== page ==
Is Fortnite on the Decline?

For the last 4 years, Fortnite has had a strong hold on pre-teen kids, but is their interest starting to wane?

I speak to kids in our Youth Trend Spotting community weekly to keep us up-to-date with what’s happening in their lives. It’s always most fruitful when we start with an open discussion on kids’ passion points to find out what they are into and why. 

A passion for gaming and gaming content has been a stand-out in this age group for some time so it regularly comes up in our conversations. Kids can’t wait to tell me everything about the latest game they’re playing, what they’ve been building and what new worlds they’ve unlocked. But in the latest round of calls with the community, I noticed a shift in how kids are talking about blockbuster Fortnite and it seems to be losing its shine.

‘It is pretty much Roblox all the time with my friends, or with my sister.’
Girl, 9

With the kids I spoke to, Roblox is the game they spend the most time on. Anyone can play the game and you don’t need to spend much on their gaming currency Robux to stay up to date. Not only are they using the game to role-play in the virtual world, but they are also chatting to their friends at the same time. 

‘They’ve got loads of games and loads of different characters and you just play around.’
Boy, 8

Kids like the ease in which you can enjoy Roblox and, with over 250,000 developers, creating individual games, there is always something for everyone. One game, in particular, Adopt Me!, sees players collect different themed eggs to hatch different pets of various rarities to care for and raise. The latest update peaked at a record 1.92 million concurrent users.

Meanwhile, Fortnite seems to have hit a bit of a brick wall with 7-12-year-olds. An increasing number of kids in this age bracket have spoken about being tired of the constant updates, new items, new skins and the level of difficulty that now comes with the game. Not being able to purchase every new Battle Pass or skin because of the cost, means they are missing out on a huge part of the game. 

‘It’s fun until you get to a level that you cannot beat.’
Boy, 12

‘I don’t even play Fortnite anymore. They started adding too many things. It used to be a nice, simple game.’
Boy, 8

‘I used to play Fortnite and I used to watch a lot of Fortnite YouTubers but I don’t anymore. There is a lot of people who try really hard on it now. Even if it is a normal game, you get the people that play in the competitions that come and join it.’
Boy, 11

Fortnite still holds popularity with teens, especially with the more keen gamers at this age. On average, a UK kid aged 8-9 gets £5.21 pocket money per week, compared 13-16-year-olds who receive £8.17 per week*; leaving gamers with more potential money to spend on Battle Pass updates and new skins. It also means they’re able to keep up with their favourite gaming influencers by updating to newer versions of the game.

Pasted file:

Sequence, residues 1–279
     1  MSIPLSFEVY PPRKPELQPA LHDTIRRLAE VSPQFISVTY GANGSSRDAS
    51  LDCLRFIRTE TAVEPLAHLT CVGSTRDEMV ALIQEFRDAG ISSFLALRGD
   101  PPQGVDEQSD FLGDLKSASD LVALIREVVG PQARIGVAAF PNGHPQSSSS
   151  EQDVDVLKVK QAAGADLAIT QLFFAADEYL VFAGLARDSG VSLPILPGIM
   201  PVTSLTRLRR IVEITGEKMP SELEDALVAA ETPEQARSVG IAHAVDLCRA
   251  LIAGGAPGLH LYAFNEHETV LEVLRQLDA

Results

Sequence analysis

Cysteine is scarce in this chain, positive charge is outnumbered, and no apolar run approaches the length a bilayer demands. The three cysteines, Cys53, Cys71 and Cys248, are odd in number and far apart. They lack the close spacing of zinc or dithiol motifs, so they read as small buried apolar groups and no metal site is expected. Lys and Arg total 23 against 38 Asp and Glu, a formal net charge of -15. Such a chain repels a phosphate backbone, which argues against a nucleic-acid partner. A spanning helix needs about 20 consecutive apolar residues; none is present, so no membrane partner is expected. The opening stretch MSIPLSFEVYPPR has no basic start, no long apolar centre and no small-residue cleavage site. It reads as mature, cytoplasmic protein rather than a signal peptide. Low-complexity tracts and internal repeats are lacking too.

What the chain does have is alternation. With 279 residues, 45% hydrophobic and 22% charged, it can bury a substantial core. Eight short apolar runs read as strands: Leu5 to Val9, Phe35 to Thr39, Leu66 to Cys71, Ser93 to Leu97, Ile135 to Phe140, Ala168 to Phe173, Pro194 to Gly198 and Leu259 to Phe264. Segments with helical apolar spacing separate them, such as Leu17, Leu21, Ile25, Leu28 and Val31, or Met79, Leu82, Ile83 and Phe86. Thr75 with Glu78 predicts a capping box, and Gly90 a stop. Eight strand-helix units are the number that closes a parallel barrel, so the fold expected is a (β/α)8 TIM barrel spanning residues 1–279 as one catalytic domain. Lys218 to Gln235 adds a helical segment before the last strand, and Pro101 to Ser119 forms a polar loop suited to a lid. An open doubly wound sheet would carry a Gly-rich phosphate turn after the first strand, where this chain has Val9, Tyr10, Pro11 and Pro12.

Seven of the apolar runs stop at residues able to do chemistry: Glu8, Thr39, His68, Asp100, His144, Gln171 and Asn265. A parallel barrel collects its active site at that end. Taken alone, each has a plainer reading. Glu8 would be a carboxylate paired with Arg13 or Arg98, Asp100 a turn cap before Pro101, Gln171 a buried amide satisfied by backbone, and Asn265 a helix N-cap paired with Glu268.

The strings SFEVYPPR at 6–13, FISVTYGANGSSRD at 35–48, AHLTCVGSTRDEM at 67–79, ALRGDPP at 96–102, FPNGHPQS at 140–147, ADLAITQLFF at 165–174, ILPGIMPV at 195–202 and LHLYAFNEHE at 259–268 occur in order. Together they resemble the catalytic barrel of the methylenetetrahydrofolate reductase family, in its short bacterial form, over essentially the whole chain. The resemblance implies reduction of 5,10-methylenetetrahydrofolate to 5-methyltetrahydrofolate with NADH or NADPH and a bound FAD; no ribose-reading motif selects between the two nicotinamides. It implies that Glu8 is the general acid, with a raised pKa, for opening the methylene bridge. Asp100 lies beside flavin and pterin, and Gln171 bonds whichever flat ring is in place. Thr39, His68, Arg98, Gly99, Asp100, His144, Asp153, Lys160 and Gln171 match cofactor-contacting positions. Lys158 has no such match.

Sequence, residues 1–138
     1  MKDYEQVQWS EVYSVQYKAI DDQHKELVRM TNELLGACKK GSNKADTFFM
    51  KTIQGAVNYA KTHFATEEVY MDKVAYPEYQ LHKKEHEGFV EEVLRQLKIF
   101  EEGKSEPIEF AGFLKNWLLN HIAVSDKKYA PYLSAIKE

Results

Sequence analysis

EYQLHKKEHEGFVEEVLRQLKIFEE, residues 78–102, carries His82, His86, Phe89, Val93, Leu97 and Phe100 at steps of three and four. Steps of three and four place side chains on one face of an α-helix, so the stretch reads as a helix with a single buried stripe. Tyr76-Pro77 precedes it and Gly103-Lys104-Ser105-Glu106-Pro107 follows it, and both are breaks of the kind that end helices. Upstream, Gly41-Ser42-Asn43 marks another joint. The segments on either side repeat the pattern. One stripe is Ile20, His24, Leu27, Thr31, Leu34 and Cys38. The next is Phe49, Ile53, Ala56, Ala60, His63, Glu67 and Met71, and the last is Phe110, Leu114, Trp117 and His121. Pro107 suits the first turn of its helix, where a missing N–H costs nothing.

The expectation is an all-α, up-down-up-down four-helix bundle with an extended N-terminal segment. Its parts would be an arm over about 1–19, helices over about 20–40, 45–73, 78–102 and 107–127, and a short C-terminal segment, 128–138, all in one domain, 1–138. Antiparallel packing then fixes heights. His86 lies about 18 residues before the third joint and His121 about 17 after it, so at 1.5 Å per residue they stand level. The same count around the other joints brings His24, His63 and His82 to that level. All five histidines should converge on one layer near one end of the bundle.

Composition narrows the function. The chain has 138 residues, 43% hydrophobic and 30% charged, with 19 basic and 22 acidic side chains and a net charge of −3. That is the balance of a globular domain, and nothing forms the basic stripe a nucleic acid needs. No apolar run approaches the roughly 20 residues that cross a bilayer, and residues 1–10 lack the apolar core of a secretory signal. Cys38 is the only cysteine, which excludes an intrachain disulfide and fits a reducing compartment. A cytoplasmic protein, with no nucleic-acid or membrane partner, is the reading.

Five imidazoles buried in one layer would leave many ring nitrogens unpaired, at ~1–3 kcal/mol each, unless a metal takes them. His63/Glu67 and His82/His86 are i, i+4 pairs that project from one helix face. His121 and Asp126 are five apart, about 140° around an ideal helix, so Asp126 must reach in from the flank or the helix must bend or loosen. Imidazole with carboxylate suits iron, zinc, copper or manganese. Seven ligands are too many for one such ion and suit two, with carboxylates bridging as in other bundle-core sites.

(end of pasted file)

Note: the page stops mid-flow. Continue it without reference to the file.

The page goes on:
At the time of writing, Fortnite is the fifth most viewed content on the streaming platform, Twitch, where gamers can be watched in real-time. This is an increasingly popular form of gaming content as the viewers can engage and chat with a community that has the same passion as them.

‘I created a clan after the Travis Scott concert on Fortnite, which was called the astronomical event. I’ve got the Astro clan which has 800 people in it. I’ve got 795 followers on TikTok, so I invited them all to be in the clan.’
Boy, 13

Fortnite certainly isn’t going away, but there seems to be a dip in popularity with the pre-teen age bracket who are feeling cut out from game developments due to cost and overly-complicated play; leaving creative and social games like Roblox and Minecraft to pick up ground. Roblox in particular has started developing strong partnerships with brands who want to reach and engage this younger audience. A partnership with Hasbro will see a nerf-branded experience appear on the game later this year. 

In a recent global study we undertook, FriendsKnowBest, we surveyed 10,000 kids about their digital habits. Fortnite appears within the top 5 games for all age groups and regions. However, when it comes to 6-9 and 10-12-year-olds, Fortnite is the 4th most popular game globally, behind Minecraft, Roblox and Mario Kart. It’s still high on their lists, but the sentiment around it seems to be waning for the younger kids. And it’s not just them, looking at YouTube serve volume over the last year from Google Trends, we can see Fortnite has been on a slow decline, while Minecraft and Roblox have been holding steady:

So where next for Fortnite? I’m really keen to see how kids’ attitudes to it develop over the next few months, and whether the rumoured upcoming in-game events with artists like Ariana Grande or new skins like Neymar Jr, arriving in the last week can keep them in the game. Or if they start drifting away, which game will take the top spot next for kids. 

*Source: Money.co.uk

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